POSTSCRIPT — the BBC just weighed in with their review HERE.  And another good one it is!

Thoughts on James Bond theme songs

There’s an interesting piece in today’s (October 12) London Times Online, about the QOS theme song, “Another Way to Die,” and its place in the James Bond film series’ musical history.

Columnist Dan Caims, in his article “Bond themes: Can nobody do it better?,” doesn’t have a lot of good things to say about the Jack White/Alicia Keys collaboration.  Neither does he have any great love for any Bond theme song since McCartney & Wing’s “Live and Let Die,” from way back in 1973.  What’s really interesting is his recounting of a discussion with David Arnold, wherein the current Bond composer pretty much confirms what we’ve all intuited: the marketing suits, and not the music personnel, are the ones making the decisions about theme song performers.  Caims refers back to relatively weak efforts by  a-Ha and Sheryl Crow trumping the superior work by The Pretenders and k.d. lang, as well as the thin beer of  “All Time High” and “For Your Eyes Only.”

Personally, and the above examples work just fine for me, my thought is always been that EON always misses the mark when they try to manufacture a hit record, based on marketing research and charts analysis and other MBA stuff, rather than musical taste and artistic perception.  People love classic 007 tunes like “Goldfinger” and “You Only Live Twice” and “Diamonds Are Forever” and etc. because 1.) Oh, sure, they’re expertly crafted commercial pop music, but, more importantly, 2.) They’re evocative of the films themselves. You get a small dose of that ol’ Bond magic when you hear the music, because it reminds you of the regular-size dose you received in the movie theater.  That’s why we go for that stuff — not because we’re all big Shirley Bassey or Nancy Sinatra fans.  The best Bond theme songs are like the films they come from: they’re lightning captured in a bottle.  Whenever the producers try to force the magic, it doesn’t happen.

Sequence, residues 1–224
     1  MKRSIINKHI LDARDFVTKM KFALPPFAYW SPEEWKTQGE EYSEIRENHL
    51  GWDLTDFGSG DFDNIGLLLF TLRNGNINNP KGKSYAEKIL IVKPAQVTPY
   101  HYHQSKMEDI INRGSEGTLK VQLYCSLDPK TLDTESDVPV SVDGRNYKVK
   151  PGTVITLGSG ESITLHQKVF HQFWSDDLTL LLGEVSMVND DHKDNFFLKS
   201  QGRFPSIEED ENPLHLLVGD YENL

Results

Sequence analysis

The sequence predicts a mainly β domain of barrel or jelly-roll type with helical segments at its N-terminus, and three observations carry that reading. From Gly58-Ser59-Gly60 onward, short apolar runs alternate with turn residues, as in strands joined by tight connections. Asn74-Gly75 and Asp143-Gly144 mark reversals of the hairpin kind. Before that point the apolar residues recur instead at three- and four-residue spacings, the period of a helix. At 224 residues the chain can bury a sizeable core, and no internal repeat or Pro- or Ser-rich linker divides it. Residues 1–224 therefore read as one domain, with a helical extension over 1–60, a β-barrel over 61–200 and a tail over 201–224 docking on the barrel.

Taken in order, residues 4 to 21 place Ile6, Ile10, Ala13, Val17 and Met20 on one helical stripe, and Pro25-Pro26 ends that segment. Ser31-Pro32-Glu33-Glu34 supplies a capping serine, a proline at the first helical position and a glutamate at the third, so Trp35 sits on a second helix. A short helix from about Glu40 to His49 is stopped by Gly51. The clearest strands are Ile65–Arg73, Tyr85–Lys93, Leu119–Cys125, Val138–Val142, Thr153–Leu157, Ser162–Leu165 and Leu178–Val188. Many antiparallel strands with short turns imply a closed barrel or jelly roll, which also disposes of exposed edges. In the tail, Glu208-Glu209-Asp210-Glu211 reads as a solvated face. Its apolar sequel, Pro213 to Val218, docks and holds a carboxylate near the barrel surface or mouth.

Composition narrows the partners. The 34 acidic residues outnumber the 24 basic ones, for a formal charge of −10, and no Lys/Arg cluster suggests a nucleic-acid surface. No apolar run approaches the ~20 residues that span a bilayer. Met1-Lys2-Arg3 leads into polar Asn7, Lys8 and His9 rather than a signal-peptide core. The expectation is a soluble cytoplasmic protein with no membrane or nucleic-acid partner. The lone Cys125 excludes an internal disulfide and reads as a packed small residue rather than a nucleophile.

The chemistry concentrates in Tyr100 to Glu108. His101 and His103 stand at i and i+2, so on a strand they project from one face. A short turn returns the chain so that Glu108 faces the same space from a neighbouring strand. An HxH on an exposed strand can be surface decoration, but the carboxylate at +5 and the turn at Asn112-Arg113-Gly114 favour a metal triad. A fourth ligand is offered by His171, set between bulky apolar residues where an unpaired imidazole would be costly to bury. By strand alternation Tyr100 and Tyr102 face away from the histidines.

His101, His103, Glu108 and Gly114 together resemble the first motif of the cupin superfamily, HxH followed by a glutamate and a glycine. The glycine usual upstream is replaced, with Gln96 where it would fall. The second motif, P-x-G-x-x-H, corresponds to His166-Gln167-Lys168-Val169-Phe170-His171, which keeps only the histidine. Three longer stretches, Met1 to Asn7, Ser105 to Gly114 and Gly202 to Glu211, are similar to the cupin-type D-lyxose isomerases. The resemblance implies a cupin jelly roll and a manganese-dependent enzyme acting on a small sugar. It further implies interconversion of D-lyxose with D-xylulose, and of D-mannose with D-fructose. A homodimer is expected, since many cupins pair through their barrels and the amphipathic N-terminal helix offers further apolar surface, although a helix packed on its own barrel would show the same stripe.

Check out the article.  Though some excellent and perceptive thinking in it, even if you don’t agree with all of his examples or conclusions.

— Paul